I, on the other hand, am working on my pear chutney recipes, trying roasted, poached and grilled pears for different flavor and texture feels and flavors. I have a tasting this week for a prospective catering client and am going to serve he and his party a cider-marinated pork tenderloin topped with pear chutney. This is the recipe I will use:


6 Bosc Pears, peeled and cut in 1/2" cubes; tossed in lemon juice and sugar;

1 Red Onion, peeled and cut in 1/4" dice
I Red Bell Pepper, cut in 1/4" dice
1 1" piece fresh Ginger; peeled and grated
1/4 Jalapeno Chile, seeded and cut in very fine dice
1/4 Cup Golden Raisins (or for the holiday, Dried Cranberries) plumped in white wine
1 Cinnamon Stick
4 Whole Cloves
Pinch of freshly ground Cumin
Pinch of freshly ground Nutmeg;
1/2 Cup White Wine Vinegar
1/2 Cup Brown Sugar
Juice of 1 Lemon

Bring vinegar, brown sugar and lemon juice to a boil (this chutney base is called a "gastrique") and add all ingredients except the pears. Cook for five minutes, or until the vegetables have softened but not lost their color. Turn off the heat and stir in the cubed pears. Let cool and pack in glass jars. This chutney will hold in the refrigerator for several weeks and is delicious on pork or roast fowl and also on turkey sandwiches (!).


And as no writing about pears would be complete without a recipe for a pear tart, here is one that my sister, Barbara, has used over the years. It originally appeared in Cook's Illustrated.
I am particularly fond of this recipe as it combines pears with one of their most natural and traditional complimentary flavors, almonds. This recipe although lengthy, is actually quite simple and so very, very delicious.

Not all pear tart recipes begin by poaching the pears, but a significant number of them do. You can decide for yourself what you like, but here is a basic poaching recipe for pears for this and other desserts. These pears sliced, by themselves, are delicious over ice cream, and the poaching liquid, if reduced to syrupy consistency is, as well.


6 Peeled, halved and cored pears; Bosc or Bartlett;

1 Bottle of White Wine (I like Sauvignon Blanc)
1 Cinnamon Stick
4 Whole Cloves
2/3 Cup White Sugar
1" Segment of Vanilla Bean, split and seeds scraped into liquid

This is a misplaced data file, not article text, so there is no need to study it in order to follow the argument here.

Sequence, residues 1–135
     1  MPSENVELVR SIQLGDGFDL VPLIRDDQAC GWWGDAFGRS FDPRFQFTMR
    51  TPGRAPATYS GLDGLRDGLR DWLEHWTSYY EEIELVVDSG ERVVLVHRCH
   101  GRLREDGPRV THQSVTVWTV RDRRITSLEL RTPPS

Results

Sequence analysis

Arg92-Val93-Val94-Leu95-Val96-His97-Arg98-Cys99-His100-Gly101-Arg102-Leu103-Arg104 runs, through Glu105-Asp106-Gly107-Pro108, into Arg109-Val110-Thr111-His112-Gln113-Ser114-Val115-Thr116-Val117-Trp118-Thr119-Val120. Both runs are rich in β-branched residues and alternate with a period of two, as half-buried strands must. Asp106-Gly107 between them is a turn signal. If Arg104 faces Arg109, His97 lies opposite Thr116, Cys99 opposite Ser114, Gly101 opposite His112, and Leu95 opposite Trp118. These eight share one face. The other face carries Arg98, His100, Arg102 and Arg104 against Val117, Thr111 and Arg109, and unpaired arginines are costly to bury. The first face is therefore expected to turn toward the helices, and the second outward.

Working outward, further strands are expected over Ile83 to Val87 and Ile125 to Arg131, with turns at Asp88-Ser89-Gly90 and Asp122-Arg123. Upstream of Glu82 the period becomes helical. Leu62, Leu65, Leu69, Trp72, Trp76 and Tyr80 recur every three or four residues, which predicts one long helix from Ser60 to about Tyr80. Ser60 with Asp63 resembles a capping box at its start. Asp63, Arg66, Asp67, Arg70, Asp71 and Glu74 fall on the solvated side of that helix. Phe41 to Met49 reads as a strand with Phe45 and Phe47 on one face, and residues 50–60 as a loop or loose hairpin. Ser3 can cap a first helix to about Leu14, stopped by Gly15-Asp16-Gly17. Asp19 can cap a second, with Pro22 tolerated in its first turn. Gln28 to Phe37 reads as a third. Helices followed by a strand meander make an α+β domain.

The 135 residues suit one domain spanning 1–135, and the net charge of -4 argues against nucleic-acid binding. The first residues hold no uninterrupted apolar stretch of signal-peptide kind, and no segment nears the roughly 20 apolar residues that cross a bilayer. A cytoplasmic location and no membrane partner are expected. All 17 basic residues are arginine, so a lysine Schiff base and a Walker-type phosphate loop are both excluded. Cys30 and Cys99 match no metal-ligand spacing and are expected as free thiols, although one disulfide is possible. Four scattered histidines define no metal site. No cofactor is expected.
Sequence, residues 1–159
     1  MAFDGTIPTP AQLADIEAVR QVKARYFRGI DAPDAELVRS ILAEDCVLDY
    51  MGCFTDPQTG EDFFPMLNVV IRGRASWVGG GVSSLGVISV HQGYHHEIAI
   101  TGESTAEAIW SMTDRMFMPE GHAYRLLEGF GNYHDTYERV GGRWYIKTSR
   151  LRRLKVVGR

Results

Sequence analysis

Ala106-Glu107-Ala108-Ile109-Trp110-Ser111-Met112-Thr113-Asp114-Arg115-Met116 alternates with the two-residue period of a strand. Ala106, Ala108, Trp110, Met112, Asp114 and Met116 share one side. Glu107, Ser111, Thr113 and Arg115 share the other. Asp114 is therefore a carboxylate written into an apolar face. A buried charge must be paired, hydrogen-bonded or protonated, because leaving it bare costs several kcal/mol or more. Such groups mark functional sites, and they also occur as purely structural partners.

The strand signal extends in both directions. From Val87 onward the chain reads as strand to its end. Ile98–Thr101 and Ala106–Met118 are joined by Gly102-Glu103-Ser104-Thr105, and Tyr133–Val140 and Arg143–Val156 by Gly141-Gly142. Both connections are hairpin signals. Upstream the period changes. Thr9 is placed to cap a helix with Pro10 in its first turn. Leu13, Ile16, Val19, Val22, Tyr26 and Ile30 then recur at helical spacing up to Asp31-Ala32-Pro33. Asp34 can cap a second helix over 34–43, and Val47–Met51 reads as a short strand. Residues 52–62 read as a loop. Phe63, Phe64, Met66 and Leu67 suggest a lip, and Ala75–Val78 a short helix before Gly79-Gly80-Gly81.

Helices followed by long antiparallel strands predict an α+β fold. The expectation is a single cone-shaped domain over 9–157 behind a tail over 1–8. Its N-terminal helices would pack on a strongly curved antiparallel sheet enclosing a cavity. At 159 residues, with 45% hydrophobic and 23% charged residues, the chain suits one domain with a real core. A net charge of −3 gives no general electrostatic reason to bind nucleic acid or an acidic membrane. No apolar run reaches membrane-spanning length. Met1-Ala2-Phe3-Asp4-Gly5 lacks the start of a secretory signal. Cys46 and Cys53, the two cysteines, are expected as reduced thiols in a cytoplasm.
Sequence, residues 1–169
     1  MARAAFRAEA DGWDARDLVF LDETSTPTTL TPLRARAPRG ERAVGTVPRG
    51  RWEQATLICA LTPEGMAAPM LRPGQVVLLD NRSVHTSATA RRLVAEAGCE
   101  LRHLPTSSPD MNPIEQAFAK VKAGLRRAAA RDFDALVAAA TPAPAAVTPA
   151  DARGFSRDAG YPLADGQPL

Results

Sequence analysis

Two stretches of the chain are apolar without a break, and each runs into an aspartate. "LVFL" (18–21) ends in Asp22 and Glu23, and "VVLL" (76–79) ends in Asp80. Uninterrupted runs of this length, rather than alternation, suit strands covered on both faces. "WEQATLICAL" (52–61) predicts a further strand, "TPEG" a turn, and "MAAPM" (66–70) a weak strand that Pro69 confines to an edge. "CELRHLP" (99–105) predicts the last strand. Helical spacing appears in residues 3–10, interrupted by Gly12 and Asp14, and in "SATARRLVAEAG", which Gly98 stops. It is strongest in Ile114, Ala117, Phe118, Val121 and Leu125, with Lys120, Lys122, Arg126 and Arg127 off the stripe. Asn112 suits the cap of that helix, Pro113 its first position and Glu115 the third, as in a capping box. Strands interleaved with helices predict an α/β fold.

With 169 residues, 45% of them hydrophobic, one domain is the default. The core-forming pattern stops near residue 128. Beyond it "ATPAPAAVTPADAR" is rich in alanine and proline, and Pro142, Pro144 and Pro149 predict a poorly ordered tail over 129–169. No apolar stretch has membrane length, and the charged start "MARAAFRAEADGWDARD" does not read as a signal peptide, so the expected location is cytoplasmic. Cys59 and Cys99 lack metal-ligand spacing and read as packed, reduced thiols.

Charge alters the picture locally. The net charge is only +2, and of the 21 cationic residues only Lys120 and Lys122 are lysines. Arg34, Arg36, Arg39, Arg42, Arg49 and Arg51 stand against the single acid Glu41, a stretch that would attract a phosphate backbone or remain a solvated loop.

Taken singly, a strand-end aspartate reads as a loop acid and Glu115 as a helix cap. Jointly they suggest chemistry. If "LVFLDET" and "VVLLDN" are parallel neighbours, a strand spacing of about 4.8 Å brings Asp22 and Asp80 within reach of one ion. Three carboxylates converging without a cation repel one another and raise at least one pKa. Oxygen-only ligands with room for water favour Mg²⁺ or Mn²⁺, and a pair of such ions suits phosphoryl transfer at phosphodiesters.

10-12 Black Peppercorns
Pinch Salt
Juice+Zest of 2 Lemons

Add all ingredients to a non-corrosive sauce pan and bring to a boil. Reduce the heat to a simmer and cook for 10-15 minutes. Place pears gently into poaching liquid and return heat to just short of a boil. Reduce yet again, and simmer pears until the can be pierced easily with a wooden skewer, but are not falling apart. Turn the heat off under the pan and allow the pears to cool in the poaching liquid.

This recipe calls for a classic Pate Sucree, or Pastry Dough, that incorporates egg, cream and sugar into a basic flour and butter mixture.


1 Large Egg Yolk
2 TBS Heavy Cream
1/2 Tsp Good Quality Vanilla Extract
1 1/2 Cups All Purpose Flour
3/4 Cup Powdered Sugar
Pinch of Salt
1 1/4 Cubes of Unsalted Butter, very cold, cut into 1/2" cubes

Whisk together the egg yolk, cream and vanilla. Place dry ingredients in food processor and pulse briefly to bring together. Scatter the butter chunks over the mixed dry ingredients and pulse the processor several times (up to 20) to incorporate the butter into the mix. With the motor running pour in the wet ingredients and run machine for 12 seconds. Turn the dough out on to plastic wrap, form into a disc, cover and refrigerate for at least an hour (or more if necessary).


4 Oz. Blanched Slivered Almonds
1/2 Cup Granulated Sugar
Pinch Salt
1 Egg
1 Egg White
1/2 Tsp Good Vanilla Extract
1/2 Tsp Almond Extract
6 TBS Unsalted Butter, cut into 6 pieces, at room temperature

Pulse the almonds, sugar and salt in a food processor until powdered. Add the egg and egg yolk and the extracts and process. Add the butter in chunks and process until smooth. Scrape out into a bowl. Refrigerate if you are not going to use immediately.


Remove pastry from refrigerator and roll out to about 12 inches. Lay over the top of a fluted tart pan and press the pastry down into it. Cover the filled tart pan with clear wrap and freeze for 30 minutes. Spray a sheet of foil with "non-stick" food spray, or brush it with cooking oil and lay it over the pastry. Fill the foil with rice or dried beans and bake at 375 for 20 minutes, rotating once. Remove from oven to cooling rack, gently remove foil and weights and allow to cool for 30 minutes.